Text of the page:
By shaving bald, I can hope in some small way to emphathise with these kids. If you would like to support this worthy cause (especially if you can’t bear to lose your hair), do click on this link HERE and support me. It doesn’t need to be a big amount. The thought counts! I am so encouraged that many friends came to support us today.

There is a special type of cancer that resides in us all. The cancer of “sin”. Sin are the wrong things we do that separate us from God. Sin stays within us and unless treated, we will die. Not just physically but spiritually!

But there is a remedy. The Bible says that while we were still sinners, Jesus Christ died for us. He died and rose again to life so that this sin cancer will be eradicated. By believing in Jesus, your sin cancer will be eradicated. Don’t you want to be cured of this disease that we were born with? If so, pray this prayer:

The Christian Atheist

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My people come to you, as they usually do, and sit before you to hear your words, but they do not put them into practice. Their mouths speak of love, but their hearts are greedy for unjust gain. Indeed, to them you are nothing more than one who sings love songs with a beautiful voice and plays an instrument well, for they hear your words but do not put them into practice.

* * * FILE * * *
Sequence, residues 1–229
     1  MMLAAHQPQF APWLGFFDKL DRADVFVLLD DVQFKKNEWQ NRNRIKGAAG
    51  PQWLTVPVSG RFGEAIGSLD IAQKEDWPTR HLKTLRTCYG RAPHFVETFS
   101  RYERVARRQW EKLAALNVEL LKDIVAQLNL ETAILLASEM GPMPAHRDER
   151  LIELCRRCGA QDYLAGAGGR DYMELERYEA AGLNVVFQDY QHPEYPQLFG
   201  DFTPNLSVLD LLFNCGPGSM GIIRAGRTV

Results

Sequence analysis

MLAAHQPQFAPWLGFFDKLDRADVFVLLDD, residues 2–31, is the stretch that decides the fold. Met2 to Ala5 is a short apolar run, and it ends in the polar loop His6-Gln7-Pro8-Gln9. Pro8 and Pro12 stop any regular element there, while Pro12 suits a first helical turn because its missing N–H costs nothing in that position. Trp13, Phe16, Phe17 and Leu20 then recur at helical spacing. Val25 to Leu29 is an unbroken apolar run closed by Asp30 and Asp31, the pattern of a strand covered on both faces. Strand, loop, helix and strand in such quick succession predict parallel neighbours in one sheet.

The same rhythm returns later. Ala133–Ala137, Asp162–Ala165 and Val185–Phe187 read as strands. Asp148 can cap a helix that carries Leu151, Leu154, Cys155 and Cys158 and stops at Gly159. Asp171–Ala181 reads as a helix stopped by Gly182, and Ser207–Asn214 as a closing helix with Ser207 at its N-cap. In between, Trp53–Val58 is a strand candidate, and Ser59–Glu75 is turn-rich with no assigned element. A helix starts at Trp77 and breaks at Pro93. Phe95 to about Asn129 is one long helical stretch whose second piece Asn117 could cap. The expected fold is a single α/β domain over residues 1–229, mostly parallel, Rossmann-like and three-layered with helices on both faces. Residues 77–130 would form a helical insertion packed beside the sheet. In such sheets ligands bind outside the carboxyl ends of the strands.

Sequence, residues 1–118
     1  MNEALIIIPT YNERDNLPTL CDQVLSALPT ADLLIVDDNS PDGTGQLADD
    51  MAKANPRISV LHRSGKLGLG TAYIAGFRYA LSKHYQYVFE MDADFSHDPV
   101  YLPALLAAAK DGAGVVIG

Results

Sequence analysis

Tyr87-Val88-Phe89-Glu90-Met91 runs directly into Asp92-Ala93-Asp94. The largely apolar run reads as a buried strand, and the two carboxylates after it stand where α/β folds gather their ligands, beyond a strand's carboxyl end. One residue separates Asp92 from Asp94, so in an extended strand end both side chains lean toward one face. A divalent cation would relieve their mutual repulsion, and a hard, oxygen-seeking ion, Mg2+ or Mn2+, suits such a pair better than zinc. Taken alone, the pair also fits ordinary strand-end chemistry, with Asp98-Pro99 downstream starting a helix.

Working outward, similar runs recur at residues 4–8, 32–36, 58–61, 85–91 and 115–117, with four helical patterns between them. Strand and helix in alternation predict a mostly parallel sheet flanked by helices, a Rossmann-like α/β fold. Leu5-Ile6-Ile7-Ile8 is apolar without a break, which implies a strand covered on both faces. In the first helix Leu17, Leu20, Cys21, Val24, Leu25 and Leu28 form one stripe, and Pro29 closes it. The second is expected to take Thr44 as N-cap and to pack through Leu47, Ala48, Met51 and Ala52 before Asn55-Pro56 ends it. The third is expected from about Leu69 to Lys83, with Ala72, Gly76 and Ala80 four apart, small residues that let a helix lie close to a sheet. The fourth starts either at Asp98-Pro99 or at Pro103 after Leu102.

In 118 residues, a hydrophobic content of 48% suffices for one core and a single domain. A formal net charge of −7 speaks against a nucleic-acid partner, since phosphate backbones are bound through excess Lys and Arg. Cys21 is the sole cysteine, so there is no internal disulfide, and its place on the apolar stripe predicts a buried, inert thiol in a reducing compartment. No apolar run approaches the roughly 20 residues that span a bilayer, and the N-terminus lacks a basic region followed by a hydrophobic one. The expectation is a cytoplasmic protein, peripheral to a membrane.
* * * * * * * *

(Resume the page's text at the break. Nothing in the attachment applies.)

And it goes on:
Ezekiel 33:31-32 (NIV)

In this passage, God tells Ezekiel that people aren’t going to listen to his messages of rebuke and repentance. They are eager to listen to the message though. They even speak of love for God but nothing affects their hearts. Their hearts are still “greedy for unjust gain”. Their lives are still a mess but they aren’t bothered to put any of God’s words into practice. Ezekiel’s message is likened to a good singer belting out a beautiful tune that brings tears to the audience’s eyes. But they walk away unchanged.

Today, this problem still occurs. I call them the Christian atheist. Let me define it. An atheist is one who doesn’t believe in God and lives as if God wasn’t present. But a Christian atheist is one who believes in God but lives as if God wasn’t present. There is a disconnect between the mind and the heart.

Much like Ezekiel’s audience, Christian atheists go to church, they sing praises to God with unbridled emotions, they say “I love you God” but their lives are no better than a non-Christian. You can recognise them by their fruits. A bad tree bears bad fruit. Some examples: